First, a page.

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    Try this, instead of going around an obstical, go over it. A fallen tree is just part of nature so why move it? Go over. (jk )Ok, I know not every one has the skill to go over. Sliding, only when I fall unless it is on a closed course. There are some hills around here that you must lock the rear brakes to make it down safely but there are not many, if any at all that, that use these trails other then bikers. We always give way to the person or people ascending.
    Slainte

  11. #11
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    Originally posted by KleinMp99


    And nice to meet you, Joe and Rockygirl.
    Nice to meet you too Mr. Klein!

  12. #12
    cycle-powered nathank's Avatar
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    hey Klein99MP:

    good to see some real comments from you! (not that your sarcasm doesn't keep things interesting here...)

    whats wrong with making the trail a little wider?
    well, there are a few reasons:
    1) minimizing impact on nature: increases erosion and interferes more with "nature" -- of course, as people are continually building new roads and paving the wilderness the net effect of mountainbikers is pretty small (i'm pretty much against any paved roads, parking lots or major structures in the wilderness --- keep the RV on the Interstate but it doesn't need to be able to drive to the bottom of the Grand Canyon...
    2) maintaining MTB access to trails, especially narrow SinglTrack:widening the trails usually pisses non-mountainbikers off -- hikers generally prefer a small narrow trail to a wide double-track, so if hundreds of thousands of mountain bikers constantly widen the trails, the pressure from other trail users to PROHIBIT us from the trails b/c we make them wider will greatly increase ---- seriously, almost all mountain bike trails are on general use land where someone (either individual owner or government agency) could PROHIBIT bikes (legal precedent was was already established in 1996 in a Supreme Court decision) -- then we'd be stuck paying to use specially built controlled courses or restricted to riding boring wide gravel roads and double-tracks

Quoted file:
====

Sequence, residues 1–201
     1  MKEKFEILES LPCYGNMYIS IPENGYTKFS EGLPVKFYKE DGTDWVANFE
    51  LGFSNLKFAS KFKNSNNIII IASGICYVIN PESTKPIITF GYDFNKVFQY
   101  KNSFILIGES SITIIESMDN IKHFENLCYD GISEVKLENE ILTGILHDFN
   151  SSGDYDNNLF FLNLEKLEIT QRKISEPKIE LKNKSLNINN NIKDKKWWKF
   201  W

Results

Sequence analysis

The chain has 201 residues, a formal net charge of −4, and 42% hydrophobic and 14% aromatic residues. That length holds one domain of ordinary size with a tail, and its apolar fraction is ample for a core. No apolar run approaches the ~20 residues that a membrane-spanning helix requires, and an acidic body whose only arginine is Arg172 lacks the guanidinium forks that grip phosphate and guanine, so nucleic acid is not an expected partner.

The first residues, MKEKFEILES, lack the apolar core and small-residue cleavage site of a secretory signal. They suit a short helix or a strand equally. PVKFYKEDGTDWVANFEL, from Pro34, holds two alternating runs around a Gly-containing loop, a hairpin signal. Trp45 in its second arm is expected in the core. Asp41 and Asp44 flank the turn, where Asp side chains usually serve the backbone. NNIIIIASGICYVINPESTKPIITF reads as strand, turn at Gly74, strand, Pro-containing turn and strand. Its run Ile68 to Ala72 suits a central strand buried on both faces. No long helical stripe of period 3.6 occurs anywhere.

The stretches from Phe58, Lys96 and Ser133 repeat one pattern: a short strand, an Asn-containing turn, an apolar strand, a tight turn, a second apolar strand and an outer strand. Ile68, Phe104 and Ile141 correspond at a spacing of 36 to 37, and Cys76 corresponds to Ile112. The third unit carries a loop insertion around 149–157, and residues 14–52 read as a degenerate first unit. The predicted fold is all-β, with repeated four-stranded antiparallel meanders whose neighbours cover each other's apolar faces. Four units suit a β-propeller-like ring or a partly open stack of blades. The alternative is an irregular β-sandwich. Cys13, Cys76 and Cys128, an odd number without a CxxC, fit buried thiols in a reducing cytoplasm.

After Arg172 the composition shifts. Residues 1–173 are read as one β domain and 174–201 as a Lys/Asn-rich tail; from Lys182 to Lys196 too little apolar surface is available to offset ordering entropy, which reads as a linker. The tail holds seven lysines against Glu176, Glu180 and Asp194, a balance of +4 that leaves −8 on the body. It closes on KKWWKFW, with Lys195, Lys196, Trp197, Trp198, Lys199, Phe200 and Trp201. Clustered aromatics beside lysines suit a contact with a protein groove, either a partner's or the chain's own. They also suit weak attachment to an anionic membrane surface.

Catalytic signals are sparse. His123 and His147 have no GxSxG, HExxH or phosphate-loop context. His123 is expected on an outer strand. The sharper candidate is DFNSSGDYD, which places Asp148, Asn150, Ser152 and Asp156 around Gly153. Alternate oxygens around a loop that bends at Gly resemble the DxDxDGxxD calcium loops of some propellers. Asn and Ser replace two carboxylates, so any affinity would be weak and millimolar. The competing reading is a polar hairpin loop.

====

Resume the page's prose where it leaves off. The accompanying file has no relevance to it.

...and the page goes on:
3) challenge/fun: i am a single-track freak and i love small trails. i find them more fun and more challenging and more scenic. i would rather go up and down and around tight corners on a small narrow rocky singletrack at 10-20mph that bomb down a doubletrack at 2-3 times greater speed

    more than anything else: there are so few small narrow knarly single-track trails out there and if each rider widens the trail a little, pretty soon we won't have any more narrow trails... then we either have none or have to built more -- and eventually no more new trails can be built w/o disturbing the ecosystem... have you ever ridden somewhere where there are shortcuts everywhere and short trail cuts going every direction? there's no challenge, much less beauty and the EROSION is horrible!
    why drive when you can ride?
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  13. #13
    Wood Licker Maelstrom's Avatar
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    I think it depends on several things. Are we talking funded mountain trails or pure single track created by a small volunteer group.

    I am on whistler mountain for example it is build for speed and there are people paid good money to maintain the trails in the designated areas.

    However there are single tracks built from scratch by locals. I tend to be more careful on these trails taking the time not to rip up the switchbacks. A lot of riders I know don't power slide around corners but sometimes it is difficult to avoid (getting caught going fast and finding a blind switchback. This happens a lot up here with the steep terrain.